Honda's humanoid robot Asimo of how humans are making increasingly intelligent robots ©Flickr/Ars Technica
Skype co-founder Jaan Tallinn believes the latest surge in the development of artificial intelligence (AI) technologies is "different" to previous advances in the controversial subject area.
The Estonian entrepreneur, who is working closely with a number of AI companies and researchers through the Future of Life Istitute (FLI) that was backed by Elon Musk and Stephen Hawking earlier this year, told Techworld that the history of AI development has traditionally been a series of summers (peaks) and winters (troughs).
In the summers, AI companies make advances and get lots of investment but in the winters the money dries up and companies rename it to something like "machine learning", Tallinn said.
"There's something very different about this AI summer," he said at a hotel in London's Soho district last week, while plugging his new instant messenger app, Fleep, which he has cofounded with ex-Skype colleague Henn Ruukel. "There are quick ways to make money from marginal advances in AI. Once you make a ranking algorithm one percent better, that immediately means a few hundred million dollars for Google."
The claim comes amid growing fears that machines are going to surpass the capabilities of humans in both the jobs market and many other areas of life.
Through Future of Life, which was cofounded with MIT professor Max Tegmark, Tallinn said he wants to bring together two schools of thought: the "physicists and the philosophers" who are concerned about the long term about what happens when humans "lose control of atoms" and, on the other side, the technology companies who are focused on the short term and making machines more competent at helping us.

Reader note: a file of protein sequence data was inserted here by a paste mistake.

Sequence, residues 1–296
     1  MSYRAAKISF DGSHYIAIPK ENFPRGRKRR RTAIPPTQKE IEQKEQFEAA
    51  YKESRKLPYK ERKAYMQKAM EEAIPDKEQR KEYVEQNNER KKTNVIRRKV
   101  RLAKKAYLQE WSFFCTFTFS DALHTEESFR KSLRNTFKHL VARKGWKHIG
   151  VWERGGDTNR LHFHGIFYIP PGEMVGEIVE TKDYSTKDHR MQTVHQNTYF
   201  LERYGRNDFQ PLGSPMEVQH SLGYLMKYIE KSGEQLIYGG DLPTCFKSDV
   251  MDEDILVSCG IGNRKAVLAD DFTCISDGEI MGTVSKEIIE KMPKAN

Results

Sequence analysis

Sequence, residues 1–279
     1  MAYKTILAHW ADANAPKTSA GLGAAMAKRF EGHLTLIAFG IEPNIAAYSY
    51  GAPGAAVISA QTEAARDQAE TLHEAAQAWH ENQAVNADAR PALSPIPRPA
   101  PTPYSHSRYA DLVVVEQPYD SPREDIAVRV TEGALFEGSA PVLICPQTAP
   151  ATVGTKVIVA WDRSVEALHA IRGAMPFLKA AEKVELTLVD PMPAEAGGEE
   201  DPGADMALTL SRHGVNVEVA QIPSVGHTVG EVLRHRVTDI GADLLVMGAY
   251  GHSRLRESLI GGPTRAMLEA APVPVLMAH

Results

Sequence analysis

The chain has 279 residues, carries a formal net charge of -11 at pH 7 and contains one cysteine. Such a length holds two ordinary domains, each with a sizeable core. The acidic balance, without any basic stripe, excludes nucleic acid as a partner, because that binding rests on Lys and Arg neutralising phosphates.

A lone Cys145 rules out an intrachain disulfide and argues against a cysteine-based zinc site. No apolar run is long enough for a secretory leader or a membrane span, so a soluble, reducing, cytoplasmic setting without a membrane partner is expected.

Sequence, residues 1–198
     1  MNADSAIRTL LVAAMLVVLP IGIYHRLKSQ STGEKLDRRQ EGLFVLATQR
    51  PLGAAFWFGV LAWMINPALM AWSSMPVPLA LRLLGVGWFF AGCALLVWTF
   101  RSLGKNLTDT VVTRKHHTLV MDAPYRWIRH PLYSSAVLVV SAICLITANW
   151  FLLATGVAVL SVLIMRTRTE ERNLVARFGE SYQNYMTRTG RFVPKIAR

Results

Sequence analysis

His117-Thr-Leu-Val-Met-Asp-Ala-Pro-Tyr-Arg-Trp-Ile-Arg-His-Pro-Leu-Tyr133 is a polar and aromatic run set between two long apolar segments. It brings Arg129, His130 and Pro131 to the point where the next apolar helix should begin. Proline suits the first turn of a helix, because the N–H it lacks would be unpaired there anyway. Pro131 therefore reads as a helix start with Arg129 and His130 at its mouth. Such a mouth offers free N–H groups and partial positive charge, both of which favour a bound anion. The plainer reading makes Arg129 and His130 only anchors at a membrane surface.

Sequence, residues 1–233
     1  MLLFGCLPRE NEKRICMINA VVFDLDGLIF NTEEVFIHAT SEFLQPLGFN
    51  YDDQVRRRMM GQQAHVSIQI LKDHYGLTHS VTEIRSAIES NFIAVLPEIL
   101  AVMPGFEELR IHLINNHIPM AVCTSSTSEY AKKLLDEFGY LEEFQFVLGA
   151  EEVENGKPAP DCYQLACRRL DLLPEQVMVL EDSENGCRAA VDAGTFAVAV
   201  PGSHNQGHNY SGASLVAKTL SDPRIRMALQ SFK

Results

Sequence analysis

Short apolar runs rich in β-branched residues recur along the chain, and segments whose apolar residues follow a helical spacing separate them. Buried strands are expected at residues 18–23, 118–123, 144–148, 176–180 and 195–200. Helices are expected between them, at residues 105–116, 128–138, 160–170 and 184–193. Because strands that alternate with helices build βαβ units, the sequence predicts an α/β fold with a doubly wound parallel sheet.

Jaan Tallinn at the Ham Yard Hotel in London's Soho neighbourhood Techworld/Sam Shead
Tallinn has invested in three AI companies, including the UK's DeepMind, which was acquired by Google last year for a sum thought to be around $400 million (£264 million). The other two, Vicarious and Dextro, are in New Jersey and New York respectively.
Despite investing in companies working on advancing AI, Tallinn said he tries not to lean one way or the other.
"By doing that you get that us vs. them effect," he said. "I try to be the mutual guy in the middle that seems reasonable to both sides."
More precautions needed
An open letter published by the Future of Life Institute in January warned that more precautions need to be taken around the further development of AI.
The letter argues that scientists and technologists need to safely and carefully coordinate and communicate advancements in AI to ensure it does not grow beyond humanity's control.
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